12 Songs, 40 Minutes

EDITORS’ NOTES

In every way, Travis Tritt’s 2004 effort is a concept album about toughness. Despite its title, My Honky Tonk History isn't an album of traditional country music; instead it refers to the hurly-burly world of all-night bars and the fighting, backbiting, and imbibing that happens in them. While there are moments of country classicism (particular on the gorgeous “Circus Leaving Town”), Tritt primarily draws from rock music styles. “What Say You” recruits John Mellencamp for a Springsteen-esque anthem, while “Honky-Tonk History” is an unapologetic stomp that subtly echoes the marauding metal riffs of Rage Against the Machine. While Tritt can deliver choruses with the badass bite of an action movie star, his identification with America's working people is at this album's core. “It’s All About the Money” makes the case that corporate greed preys on the honesty of the working man, while “When in Rome” argues that small-town Southern values continue to represent the most durable of American ideals. Outside of Tritt, you’re unlikely to find another country star making hard-hitting songs about the importance of being a good tipper.

EDITORS’ NOTES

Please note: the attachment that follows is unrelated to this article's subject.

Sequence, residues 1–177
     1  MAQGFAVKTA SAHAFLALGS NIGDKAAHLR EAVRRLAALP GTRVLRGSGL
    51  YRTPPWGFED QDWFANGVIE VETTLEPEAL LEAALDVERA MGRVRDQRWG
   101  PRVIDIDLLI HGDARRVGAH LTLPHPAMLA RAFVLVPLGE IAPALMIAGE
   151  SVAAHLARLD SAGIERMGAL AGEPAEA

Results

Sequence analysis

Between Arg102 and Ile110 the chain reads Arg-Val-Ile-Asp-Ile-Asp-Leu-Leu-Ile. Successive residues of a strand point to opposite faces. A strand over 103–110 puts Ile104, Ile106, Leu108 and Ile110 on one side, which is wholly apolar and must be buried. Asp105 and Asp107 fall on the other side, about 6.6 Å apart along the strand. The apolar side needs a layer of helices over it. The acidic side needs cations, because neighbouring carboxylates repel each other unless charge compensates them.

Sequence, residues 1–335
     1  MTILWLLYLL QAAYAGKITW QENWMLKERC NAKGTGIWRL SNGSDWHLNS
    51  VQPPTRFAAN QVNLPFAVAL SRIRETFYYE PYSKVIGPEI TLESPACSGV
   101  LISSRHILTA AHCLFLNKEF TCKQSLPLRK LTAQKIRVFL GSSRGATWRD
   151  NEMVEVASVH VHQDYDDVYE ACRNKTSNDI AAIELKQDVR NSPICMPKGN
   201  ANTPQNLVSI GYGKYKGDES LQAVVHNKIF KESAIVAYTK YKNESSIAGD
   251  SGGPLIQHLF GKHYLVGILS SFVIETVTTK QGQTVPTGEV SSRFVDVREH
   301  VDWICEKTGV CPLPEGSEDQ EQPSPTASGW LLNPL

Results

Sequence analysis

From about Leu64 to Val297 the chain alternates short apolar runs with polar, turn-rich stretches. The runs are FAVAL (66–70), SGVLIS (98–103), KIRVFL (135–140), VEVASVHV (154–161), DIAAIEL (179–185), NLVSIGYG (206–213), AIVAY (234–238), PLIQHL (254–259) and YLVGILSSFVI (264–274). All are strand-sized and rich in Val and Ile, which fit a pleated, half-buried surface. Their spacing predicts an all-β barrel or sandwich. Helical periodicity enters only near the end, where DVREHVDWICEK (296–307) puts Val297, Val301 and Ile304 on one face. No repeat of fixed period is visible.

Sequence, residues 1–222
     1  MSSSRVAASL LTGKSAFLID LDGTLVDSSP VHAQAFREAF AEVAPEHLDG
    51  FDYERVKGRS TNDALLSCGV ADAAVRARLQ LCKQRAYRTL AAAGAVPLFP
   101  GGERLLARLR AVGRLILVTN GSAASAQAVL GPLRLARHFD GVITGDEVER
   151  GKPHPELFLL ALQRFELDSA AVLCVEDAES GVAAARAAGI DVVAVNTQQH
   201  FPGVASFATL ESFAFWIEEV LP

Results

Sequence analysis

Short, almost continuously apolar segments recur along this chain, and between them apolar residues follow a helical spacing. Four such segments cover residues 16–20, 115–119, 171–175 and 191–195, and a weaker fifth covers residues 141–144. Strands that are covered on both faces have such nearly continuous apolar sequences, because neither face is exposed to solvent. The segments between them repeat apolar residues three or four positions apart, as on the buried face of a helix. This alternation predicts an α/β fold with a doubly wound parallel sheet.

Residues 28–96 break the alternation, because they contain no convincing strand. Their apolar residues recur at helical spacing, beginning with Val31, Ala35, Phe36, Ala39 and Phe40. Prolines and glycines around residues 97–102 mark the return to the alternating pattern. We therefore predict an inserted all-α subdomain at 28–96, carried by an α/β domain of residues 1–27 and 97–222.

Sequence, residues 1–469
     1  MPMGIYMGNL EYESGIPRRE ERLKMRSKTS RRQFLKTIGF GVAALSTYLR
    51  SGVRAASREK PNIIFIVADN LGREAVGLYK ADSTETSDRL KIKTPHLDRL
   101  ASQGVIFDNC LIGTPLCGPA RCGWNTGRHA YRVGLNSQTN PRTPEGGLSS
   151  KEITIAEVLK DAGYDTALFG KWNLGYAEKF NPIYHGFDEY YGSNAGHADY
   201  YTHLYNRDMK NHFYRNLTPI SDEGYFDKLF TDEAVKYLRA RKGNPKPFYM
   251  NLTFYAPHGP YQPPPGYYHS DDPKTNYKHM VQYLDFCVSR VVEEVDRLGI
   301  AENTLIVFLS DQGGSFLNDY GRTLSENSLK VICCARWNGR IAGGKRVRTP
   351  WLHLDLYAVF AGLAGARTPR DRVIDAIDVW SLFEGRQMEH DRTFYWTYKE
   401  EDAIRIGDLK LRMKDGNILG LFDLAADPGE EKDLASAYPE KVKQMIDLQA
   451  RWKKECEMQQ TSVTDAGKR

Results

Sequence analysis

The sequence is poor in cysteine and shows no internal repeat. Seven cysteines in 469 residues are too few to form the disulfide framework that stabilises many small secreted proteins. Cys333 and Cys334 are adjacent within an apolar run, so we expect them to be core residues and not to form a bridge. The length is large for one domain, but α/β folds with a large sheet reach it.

In every way, Travis Tritt’s 2004 effort is a concept album about toughness. Despite its title, My Honky Tonk History isn't an album of traditional country music; instead it refers to the hurly-burly world of all-night bars and the fighting, backbiting, and imbibing that happens in them. While there are moments of country classicism (particular on the gorgeous “Circus Leaving Town”), Tritt primarily draws from rock music styles. “What Say You” recruits John Mellencamp for a Springsteen-esque anthem, while “Honky-Tonk History” is an unapologetic stomp that subtly echoes the marauding metal riffs of Rage Against the Machine. While Tritt can deliver choruses with the badass bite of an action movie star, his identification with America's working people is at this album's core. “It’s All About the Money” makes the case that corporate greed preys on the honesty of the working man, while “When in Rome” argues that small-town Southern values continue to represent the most durable of American ideals. Outside of Tritt, you’re unlikely to find another country star making hard-hitting songs about the importance of being a good tipper.

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